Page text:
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The Marcels were a doo-wop group known for turning American classical pop songs into rock and roll. The group formed in 1959 in Pittsburgh, Pennsylvania, and signed to Colpix Records, with lead Cornelius Harp, bass Fred Johnson, Gene Bricker, Ron Mundy, and Richard Knauss. The group was named by Fred Johnson's younger sister Priscilla, after a popular hair style of the day, the marcel wave. In 1961 many were surprised to hear a new version of the ballad "Blue Moon" that began with the bass singer saying, "bomp-baba-bomp" and "dip-da-dip." The record sold over one million copies, and was awarded a gold disc. It is featured in The Rock and Roll Hall of Fame's 500 Songs that Shaped Rock and Roll.

The disc went to number one in the U.S. Billboard Hot 100, and UK Singles Chart. In the U.S., additional revivals in the same vein as "Blue Moon" - "Heartaches" and "Melancholy Baby" - were less successful, although "Heartaches" peaked at No. 7 on the Billboard Hot 100 and eventually sold over one million copies worldwide.

In August 1961, due to problems encountered in the Deep South while touring because of the group being bi-racial, the white members, Knauss and Bricker left and were replaced by Allen Johnson (brother of Fred) and Walt Maddox. Mundy left soon after, leaving the group a quartet.

In 1962, Harp and Allen Johnson left, and were replaced by Richard Harris and William Herndon. There was a brief reunion of the original members in 1973. The group made several recordings in 1975 with Harp back on lead. Original member Gene Bricker died in 1983. Allen Johnson died in 1995. By the early 1990s the group included Johnson, Maddox, Harris, Jules Hopson, and Richard Merritt.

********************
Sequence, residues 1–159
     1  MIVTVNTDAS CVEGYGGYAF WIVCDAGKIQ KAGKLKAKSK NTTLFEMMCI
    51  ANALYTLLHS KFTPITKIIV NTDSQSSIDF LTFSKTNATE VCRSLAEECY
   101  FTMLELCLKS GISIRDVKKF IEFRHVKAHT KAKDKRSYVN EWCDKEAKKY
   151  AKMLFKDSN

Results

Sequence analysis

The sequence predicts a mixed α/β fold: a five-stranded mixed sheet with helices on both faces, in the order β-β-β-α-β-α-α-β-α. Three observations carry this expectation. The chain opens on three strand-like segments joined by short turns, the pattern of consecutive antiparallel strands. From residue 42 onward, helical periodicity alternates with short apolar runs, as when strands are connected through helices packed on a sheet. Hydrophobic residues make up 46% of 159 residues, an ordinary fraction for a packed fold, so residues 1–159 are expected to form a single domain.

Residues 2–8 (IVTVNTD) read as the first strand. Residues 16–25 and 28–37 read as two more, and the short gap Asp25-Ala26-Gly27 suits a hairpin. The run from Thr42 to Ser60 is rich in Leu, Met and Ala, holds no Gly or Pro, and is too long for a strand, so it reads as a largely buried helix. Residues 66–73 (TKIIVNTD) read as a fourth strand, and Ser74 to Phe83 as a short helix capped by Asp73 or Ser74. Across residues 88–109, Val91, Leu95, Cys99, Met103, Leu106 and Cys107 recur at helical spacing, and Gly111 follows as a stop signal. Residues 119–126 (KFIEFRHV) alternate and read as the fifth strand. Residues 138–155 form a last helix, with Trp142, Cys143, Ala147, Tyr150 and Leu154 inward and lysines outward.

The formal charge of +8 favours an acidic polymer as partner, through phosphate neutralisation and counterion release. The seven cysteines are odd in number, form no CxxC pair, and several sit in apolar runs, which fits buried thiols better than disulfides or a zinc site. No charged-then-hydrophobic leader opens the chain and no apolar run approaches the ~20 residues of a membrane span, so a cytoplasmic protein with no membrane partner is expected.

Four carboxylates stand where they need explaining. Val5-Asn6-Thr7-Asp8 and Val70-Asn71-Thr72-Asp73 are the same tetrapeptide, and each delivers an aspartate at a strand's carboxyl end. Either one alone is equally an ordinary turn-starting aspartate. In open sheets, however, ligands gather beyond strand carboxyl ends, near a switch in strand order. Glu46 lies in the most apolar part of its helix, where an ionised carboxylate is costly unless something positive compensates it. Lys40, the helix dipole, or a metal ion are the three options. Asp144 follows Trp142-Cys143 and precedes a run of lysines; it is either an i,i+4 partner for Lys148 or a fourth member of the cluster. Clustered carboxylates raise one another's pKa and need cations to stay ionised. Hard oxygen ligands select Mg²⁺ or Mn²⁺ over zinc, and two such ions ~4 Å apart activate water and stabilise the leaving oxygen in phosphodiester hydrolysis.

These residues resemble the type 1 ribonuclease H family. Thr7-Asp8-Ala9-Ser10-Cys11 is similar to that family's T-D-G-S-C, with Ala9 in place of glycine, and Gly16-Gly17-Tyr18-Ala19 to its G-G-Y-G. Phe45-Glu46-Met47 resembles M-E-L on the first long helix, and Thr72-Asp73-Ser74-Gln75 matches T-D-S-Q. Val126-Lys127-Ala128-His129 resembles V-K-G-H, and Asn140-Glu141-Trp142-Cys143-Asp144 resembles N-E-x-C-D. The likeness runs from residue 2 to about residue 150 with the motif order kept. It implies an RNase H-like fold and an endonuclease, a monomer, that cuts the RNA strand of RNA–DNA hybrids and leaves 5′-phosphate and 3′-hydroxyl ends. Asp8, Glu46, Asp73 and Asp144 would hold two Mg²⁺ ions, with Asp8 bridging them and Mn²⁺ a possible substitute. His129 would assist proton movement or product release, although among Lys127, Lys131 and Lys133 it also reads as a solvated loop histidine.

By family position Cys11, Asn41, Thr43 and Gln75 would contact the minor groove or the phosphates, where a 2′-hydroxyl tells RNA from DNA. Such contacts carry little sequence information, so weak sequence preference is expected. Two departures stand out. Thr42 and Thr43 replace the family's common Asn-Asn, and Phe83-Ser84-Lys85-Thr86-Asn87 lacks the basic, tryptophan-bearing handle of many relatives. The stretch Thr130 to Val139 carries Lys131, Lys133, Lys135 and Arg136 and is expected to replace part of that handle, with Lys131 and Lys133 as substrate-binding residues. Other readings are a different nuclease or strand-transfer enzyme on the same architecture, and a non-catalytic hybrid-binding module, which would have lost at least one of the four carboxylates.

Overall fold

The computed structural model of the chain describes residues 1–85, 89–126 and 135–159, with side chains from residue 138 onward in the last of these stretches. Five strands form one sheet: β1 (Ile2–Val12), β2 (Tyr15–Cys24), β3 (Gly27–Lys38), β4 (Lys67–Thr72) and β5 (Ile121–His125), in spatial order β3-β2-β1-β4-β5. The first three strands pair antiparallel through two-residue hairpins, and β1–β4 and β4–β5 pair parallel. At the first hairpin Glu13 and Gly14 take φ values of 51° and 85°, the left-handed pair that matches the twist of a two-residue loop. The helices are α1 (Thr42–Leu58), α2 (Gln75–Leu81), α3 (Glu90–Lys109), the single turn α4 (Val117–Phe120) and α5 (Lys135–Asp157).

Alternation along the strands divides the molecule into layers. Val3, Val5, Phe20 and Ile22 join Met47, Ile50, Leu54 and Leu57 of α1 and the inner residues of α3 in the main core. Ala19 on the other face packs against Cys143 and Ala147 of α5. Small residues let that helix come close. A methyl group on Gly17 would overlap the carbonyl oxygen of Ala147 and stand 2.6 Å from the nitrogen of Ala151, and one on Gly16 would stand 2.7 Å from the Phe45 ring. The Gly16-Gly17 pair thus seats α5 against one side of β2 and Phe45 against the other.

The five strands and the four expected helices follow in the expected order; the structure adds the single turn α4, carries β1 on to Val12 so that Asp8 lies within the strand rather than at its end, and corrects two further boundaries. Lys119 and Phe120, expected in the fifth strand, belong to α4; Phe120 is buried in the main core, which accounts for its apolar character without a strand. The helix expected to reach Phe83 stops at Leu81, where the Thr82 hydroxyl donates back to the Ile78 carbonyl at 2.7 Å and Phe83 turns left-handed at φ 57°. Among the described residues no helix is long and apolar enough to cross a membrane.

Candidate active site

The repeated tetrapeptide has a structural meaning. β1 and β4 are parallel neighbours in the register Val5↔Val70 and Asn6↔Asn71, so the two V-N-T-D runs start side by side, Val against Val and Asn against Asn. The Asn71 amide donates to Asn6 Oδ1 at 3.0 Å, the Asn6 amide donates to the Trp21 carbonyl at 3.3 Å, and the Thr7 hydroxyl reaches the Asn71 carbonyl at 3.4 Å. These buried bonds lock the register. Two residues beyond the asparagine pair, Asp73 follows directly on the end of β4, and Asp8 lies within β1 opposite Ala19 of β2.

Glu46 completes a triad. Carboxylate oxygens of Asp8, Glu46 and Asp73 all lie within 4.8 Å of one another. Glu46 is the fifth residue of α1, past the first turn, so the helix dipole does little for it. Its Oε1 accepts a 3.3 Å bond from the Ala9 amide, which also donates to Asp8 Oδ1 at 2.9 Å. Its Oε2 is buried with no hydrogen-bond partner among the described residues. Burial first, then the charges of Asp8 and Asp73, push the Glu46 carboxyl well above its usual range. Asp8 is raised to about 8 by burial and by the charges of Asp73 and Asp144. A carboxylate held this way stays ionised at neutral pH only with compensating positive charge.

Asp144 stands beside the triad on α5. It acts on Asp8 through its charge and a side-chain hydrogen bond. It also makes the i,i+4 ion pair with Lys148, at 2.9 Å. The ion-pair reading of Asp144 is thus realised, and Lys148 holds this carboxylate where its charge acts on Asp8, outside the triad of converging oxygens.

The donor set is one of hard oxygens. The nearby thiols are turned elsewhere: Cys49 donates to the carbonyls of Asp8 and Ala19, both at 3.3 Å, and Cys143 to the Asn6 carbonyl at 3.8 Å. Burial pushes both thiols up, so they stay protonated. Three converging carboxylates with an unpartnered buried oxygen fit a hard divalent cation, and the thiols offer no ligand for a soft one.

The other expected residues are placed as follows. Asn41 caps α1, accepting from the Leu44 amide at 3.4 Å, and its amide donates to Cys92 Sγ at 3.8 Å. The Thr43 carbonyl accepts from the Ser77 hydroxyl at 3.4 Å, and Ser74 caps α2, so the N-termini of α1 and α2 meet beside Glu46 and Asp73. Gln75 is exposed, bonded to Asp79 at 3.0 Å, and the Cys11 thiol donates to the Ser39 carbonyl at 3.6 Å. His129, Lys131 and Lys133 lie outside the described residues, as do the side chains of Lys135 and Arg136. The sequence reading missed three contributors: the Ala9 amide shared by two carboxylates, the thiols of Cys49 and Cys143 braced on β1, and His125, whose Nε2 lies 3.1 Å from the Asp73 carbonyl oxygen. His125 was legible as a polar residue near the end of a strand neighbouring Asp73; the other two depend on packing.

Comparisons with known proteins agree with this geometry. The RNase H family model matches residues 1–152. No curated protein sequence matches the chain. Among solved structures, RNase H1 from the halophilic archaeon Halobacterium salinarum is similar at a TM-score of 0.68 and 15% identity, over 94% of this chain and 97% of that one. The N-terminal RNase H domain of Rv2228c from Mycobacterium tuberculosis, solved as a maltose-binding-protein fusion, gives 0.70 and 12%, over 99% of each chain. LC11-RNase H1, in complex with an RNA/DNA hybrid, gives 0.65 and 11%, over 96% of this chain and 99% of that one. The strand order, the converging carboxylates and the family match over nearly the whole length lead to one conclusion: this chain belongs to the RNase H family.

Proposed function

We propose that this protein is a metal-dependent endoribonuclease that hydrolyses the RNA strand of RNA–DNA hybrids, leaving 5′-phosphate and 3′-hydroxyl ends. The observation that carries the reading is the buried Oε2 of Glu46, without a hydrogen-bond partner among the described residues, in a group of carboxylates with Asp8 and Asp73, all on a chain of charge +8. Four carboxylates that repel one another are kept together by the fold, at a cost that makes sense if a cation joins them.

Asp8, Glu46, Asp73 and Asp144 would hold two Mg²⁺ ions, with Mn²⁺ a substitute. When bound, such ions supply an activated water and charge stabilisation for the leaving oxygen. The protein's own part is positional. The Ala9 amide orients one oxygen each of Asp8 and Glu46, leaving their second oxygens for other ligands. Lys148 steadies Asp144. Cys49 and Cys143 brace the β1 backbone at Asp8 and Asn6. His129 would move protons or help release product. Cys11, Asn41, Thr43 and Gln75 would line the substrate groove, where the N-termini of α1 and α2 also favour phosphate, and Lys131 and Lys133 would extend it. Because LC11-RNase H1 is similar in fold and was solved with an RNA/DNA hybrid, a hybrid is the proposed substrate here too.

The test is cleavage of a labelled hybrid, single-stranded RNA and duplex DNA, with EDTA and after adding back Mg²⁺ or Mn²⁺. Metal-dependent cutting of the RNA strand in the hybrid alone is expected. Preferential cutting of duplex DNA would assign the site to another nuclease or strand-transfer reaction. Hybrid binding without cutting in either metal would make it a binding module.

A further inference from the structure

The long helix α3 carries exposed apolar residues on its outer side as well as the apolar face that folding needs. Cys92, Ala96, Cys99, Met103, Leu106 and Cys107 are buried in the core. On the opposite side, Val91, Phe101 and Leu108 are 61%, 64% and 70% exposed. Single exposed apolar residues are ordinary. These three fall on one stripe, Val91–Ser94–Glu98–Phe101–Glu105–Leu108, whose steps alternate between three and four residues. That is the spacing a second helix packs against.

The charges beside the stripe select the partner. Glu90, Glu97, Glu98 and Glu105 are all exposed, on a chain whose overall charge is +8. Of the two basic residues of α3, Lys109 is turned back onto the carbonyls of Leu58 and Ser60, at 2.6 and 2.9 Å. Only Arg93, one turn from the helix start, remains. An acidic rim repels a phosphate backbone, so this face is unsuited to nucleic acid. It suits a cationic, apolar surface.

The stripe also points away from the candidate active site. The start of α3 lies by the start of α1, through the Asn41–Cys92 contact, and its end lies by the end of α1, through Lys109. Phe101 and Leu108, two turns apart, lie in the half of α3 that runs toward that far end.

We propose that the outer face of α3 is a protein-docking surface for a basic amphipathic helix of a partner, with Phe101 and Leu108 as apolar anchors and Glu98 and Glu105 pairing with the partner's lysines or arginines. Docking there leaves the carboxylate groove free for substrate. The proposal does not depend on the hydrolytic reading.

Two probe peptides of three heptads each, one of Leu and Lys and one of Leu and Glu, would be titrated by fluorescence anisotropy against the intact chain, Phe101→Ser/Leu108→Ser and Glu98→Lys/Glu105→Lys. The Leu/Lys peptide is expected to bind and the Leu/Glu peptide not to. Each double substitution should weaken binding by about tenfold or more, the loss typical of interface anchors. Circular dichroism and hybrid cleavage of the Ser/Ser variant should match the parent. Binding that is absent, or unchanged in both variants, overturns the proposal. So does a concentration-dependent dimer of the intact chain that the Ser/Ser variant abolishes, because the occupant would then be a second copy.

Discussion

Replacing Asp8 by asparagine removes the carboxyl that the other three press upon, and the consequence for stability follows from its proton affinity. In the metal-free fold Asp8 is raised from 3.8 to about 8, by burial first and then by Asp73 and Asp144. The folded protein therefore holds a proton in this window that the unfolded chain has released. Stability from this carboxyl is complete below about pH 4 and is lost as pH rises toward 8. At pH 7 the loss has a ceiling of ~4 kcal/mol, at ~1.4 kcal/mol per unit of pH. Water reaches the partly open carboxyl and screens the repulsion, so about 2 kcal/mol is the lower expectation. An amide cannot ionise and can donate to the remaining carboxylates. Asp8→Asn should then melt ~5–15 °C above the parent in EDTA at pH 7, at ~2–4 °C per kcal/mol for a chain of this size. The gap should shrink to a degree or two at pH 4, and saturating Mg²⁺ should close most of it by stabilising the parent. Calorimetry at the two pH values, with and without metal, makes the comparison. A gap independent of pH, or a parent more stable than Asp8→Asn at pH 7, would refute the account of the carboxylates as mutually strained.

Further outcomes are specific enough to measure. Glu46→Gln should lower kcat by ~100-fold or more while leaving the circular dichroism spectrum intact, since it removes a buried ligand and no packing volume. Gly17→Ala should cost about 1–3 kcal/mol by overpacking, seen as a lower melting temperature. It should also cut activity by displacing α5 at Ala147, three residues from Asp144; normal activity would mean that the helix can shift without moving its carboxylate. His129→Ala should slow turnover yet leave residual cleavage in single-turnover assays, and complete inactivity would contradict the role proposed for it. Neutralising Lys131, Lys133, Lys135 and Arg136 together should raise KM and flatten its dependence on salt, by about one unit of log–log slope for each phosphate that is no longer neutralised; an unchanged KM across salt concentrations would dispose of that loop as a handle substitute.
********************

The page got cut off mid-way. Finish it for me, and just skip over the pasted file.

The group split around 1995. Fred Johnson formed his own group with new members, while the other four members recruited new bassist Ted Smith. Maddox won a lawsuit against Sunny James Svetnic, the manager of Johnson's group, for trademark infringement in 1996.(citation needed) Johnson reunited with Harp, Mundy, and Knauss in 1999 for the PBS special Doo Wop 50.


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Marcels : Summertime : 00  1 CD :  : 7030

Marcels : Summertime

Review: Beginning with this mixed (three black & two white) group's initial success with 'Blue Moon,' which was #1 on the Pop and R&B charts in 1961 (displacing none other than Elvis), the Marcels carved out an unmistakeable niche in the annals of pop history. It is their 'bomp baba bomp...da dang da dang, da ding a dong ding' bass intro, heard on 'Zoom,' 'That Lucky Old Sun' and others that is forever in the ear of every doo-wop audience, casual or otherwise. 'Blue Moon' is not on this CD, but pretty much of the rest of the Marcels recorded output is; like many other groups, personnel departed more consistently than they remained, so some cuts are stronger than others. Signature songs such as 'Summertime,' 'Over The Rainbow,' 'Sunday Kind Of Love' and 'I Put The Bomp' display a flair and musicality a cut above the average and are terrific R & B tinged doo-wop.

Songlist: Zoom, A Sunday Kind of Love, Teeter Totter Love, Over The Rainbow, I Could Have Danced All Night, Summertime, Where There's A Will, Why Do You Have To Go, I Put The Bomp, That Lucky Old Sun, You Gave Me Peace Of Mind, Spanish Harlem, Save The Last Dance For Me, I'll Be Forever Loving You, Two People In The World, Zing Went The Strings Of My Heart, Got A Job, Stormy Weather, When I'm With You, For Your Precious Love, That Lucky Old Sun, Close Your Eyes, Soul Dinner, You Gave Me Peace Of Mind

8815c | 00 1 CD | $14.98 | A Cappella

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